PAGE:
This year holds many milestones for Carol Kelsheimer. This will be the 45th year of marriage for her and Ray, the handsome man she met at a U. S. Organization dance in St. Louis when he was in the U.S. Air Force.
This year marks her 35th year with First State Community Bank in Ironton, Missouri, and she has now been director of the bank’s Horizons Club for 20 years.
It is also the year Kelsheimer plans on retiring. “Yes, December 31st will be my last day,” she said.
The Horizons Club was just two years old when Kelsheimer took charge. With years of banking experience behind her, she shrugged off the fact that leading a travel club had a totally different job description than that of loan processor or customer service representative.
“I had always been outgoing and wanted to be around people of all ages. I had no fear,” she said.
Twenty years later, after circling the globe with the Horizons Club in tow, Kelsheimer still feels the same way and knows she has had possibly the best job in the world. Those rare occasions, like when the hotel fire alarm blared in the middle of the night in Calgary or when at 4 a.m. she searched the streets of San Antonio, Texas, for medication for a sick traveler, are just minor inconveniences, according to Kelsheimer.
“These people are our VIPs. I am there for them and can’t imagine not going the extra mile,” she said.
The Horizons Club has more than 5,700 members bankwide. Sixteen club directors, all of whom work for Kelsheimer, are located in their many branches. Kelsheimer has 647 members at her bank in Ironton, an impressive figure in a community of 3,500. Nearly 50 percent of her bank’s deposits are with her members. “I’ve been told that if you have 25 percent, you have a good club,” she said.
Members must have $5,000 in deposits and a checking account, and guests of members are welcome to travel with the club on any of its 20 annual extended or day trips. Because of the wide geographic range of First State Community Bank locations, the logistics to pick up travelers are often difficult but not insurmountable, according to Kelsheimer. “It’s just like putting a puzzle together,” she said.
Kelsheimer said that although the club’s travels don’t include children, the club has a dedicated day trip for grandparents and their grandchildren.
“Our bank embraces children in many ways, including offering a Junior Savers Club,” she said. Kelsheimer directs the program, which allows children to come in on late Friday afternoons to make deposits with designated tellers, who are also youngsters in the sixth, seventh and eighth grades.
This vice president also visits third- and fourth-grade classes once a month to talk about the benefits of saving and budgeting.
“We show videos on how money is made,” she said. “It’s really interesting and beneficial to these young people.”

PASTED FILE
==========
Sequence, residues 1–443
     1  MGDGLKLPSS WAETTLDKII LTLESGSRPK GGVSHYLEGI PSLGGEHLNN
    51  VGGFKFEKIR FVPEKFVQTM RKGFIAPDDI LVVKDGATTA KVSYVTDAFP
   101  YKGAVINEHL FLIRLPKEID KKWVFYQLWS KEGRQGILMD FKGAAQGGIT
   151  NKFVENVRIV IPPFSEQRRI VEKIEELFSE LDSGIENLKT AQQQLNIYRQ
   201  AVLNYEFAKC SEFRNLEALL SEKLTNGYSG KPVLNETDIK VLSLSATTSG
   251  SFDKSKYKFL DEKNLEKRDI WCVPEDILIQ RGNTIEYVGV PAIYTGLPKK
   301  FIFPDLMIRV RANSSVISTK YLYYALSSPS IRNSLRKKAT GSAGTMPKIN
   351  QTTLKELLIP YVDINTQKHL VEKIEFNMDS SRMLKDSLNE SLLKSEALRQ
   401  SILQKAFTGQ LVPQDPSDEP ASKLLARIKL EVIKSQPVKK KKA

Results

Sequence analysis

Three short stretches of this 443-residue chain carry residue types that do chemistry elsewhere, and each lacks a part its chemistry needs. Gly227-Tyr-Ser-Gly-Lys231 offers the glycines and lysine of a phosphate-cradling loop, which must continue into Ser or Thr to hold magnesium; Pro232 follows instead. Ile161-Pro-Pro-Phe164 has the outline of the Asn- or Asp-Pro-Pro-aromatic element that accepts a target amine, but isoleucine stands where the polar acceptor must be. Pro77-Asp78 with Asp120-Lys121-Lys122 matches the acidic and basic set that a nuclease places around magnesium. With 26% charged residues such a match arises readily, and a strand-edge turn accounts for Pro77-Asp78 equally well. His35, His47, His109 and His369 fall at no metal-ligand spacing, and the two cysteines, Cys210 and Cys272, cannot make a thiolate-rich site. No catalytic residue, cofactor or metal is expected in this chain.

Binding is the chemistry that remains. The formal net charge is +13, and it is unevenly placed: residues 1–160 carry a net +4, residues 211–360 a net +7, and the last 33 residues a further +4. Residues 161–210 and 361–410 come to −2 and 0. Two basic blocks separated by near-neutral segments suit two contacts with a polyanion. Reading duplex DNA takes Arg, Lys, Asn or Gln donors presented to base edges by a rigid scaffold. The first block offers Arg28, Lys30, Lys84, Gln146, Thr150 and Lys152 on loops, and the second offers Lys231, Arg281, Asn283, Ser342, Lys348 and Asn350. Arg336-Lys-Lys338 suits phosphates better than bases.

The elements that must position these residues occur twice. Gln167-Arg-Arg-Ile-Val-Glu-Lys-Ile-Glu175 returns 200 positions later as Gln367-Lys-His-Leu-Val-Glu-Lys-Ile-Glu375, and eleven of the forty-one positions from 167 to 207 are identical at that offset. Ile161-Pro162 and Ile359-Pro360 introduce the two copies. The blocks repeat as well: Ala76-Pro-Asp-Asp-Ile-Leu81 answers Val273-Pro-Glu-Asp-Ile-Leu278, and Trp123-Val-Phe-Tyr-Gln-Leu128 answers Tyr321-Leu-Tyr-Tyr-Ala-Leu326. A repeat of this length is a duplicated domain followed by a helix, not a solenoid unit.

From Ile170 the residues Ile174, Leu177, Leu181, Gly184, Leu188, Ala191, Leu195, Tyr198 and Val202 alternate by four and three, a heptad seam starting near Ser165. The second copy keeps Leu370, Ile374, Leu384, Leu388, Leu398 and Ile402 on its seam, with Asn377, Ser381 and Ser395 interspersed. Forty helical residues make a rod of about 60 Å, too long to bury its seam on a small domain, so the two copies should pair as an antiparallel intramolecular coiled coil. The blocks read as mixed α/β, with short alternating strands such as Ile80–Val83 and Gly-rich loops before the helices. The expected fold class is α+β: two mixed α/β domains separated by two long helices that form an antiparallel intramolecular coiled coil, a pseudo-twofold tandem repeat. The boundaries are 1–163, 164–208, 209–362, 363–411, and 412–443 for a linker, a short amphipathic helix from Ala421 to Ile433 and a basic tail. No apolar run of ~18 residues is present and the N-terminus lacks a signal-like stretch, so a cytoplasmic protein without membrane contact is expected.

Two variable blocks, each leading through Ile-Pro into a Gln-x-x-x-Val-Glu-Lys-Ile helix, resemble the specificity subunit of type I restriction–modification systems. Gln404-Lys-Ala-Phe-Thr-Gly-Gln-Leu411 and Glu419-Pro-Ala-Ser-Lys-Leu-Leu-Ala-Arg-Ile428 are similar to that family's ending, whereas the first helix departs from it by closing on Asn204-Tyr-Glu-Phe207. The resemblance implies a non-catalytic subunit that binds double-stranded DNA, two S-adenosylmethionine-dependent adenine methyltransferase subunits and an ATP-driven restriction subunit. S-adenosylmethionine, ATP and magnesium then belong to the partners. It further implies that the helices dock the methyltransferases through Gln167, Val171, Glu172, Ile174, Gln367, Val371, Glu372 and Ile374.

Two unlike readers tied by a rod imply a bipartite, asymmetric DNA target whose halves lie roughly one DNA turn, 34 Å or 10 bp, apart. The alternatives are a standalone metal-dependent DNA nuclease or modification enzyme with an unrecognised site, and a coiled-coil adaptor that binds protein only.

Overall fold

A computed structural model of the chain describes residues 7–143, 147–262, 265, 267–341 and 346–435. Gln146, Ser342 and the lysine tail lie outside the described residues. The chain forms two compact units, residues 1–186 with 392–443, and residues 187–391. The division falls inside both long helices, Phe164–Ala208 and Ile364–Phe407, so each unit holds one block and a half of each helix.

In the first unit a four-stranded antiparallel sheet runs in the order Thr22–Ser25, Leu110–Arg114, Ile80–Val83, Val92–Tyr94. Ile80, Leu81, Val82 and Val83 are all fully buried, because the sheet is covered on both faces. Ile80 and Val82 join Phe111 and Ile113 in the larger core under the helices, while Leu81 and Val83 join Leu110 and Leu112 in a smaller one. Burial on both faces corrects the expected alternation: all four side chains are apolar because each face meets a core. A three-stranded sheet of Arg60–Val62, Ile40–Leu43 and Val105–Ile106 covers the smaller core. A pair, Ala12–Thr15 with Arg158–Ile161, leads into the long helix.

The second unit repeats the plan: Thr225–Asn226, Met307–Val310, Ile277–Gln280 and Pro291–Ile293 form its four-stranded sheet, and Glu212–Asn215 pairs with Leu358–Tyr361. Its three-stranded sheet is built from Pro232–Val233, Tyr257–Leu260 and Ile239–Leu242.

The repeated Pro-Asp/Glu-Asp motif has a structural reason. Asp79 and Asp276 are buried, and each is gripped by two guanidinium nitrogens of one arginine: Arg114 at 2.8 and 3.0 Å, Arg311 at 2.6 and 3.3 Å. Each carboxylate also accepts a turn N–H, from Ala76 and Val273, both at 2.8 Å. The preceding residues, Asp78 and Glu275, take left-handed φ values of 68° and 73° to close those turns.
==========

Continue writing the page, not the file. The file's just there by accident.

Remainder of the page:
Pooches, philanthropy and pranks
At home on her 13 acres a few miles out of town, with four dogs and two cats, Kelsheimer is a dedicated animal lover and rescuer.
“Part of that is not our choice — people just know that we won’t turn anything away,” she said. “The neighbor’s dogs stay with us half the time, and we have even asked for ownership of one of their dogs that was hit by a car and wasn’t getting treatment.
“While we have all of our animals spayed and neutered, mama dogs in the neighborhood have even brought their puppies to live with us,” she said.
Kelsheimer is also devoted to her community, inclusively called the Arcadia Valley.
“This area has had three or four main industries close their doors in past years, and you know what happens with unemployment. Well, thanks to a beautification and revitalization organization, Our Town Tomorrow, that was established in 1993, almost all of our downtown stores in Ironton are full.
“Thanks to grant money, we purchased an old train station, and it has been completely renovated and is now home to the chamber headquarters and a museum,” she said.
Kelsheimer is not only president of Our Town Tomorrow and treasurer of the Arcadia Valley Chamber of Commerce but president of the area’s senior center and secretary of the Kiwanis Club.
“Yes, I have a busy life,” she said.
With retirement on the horizon, there doesn’t seem to be any chance that this service-oriented leader will spend much time admiring the scenery from her country home’s rocking chair.
“Well, we do have a 1957 Chevy, and we enjoy the hot-rod tours,” she said. “And, Ray, who is never still, loves to build things, and I’ll enjoy spending time with him. We also have grandchildren who are growing up too fast, and I look forward to having them visit.
“But, I have such mixed emotions about leaving these people who have been my family for so many years, and that includes not only employees but our club members. I can say with assurance that I’ll miss experiencing people who get to see and do things that wouldn’t be possible without the Heritage Club.
“It’s been my pleasure to do everything from take a lone traveler by myself to a wild cafe in Lake Tahoe to conspiring with group members to short-sheet a board member’s bed. What a ride.”
When Kelsheimer does retire at the end of the year, she can also make a statement with assurance that doesn’t always apply: Her shoes will be hard to fill.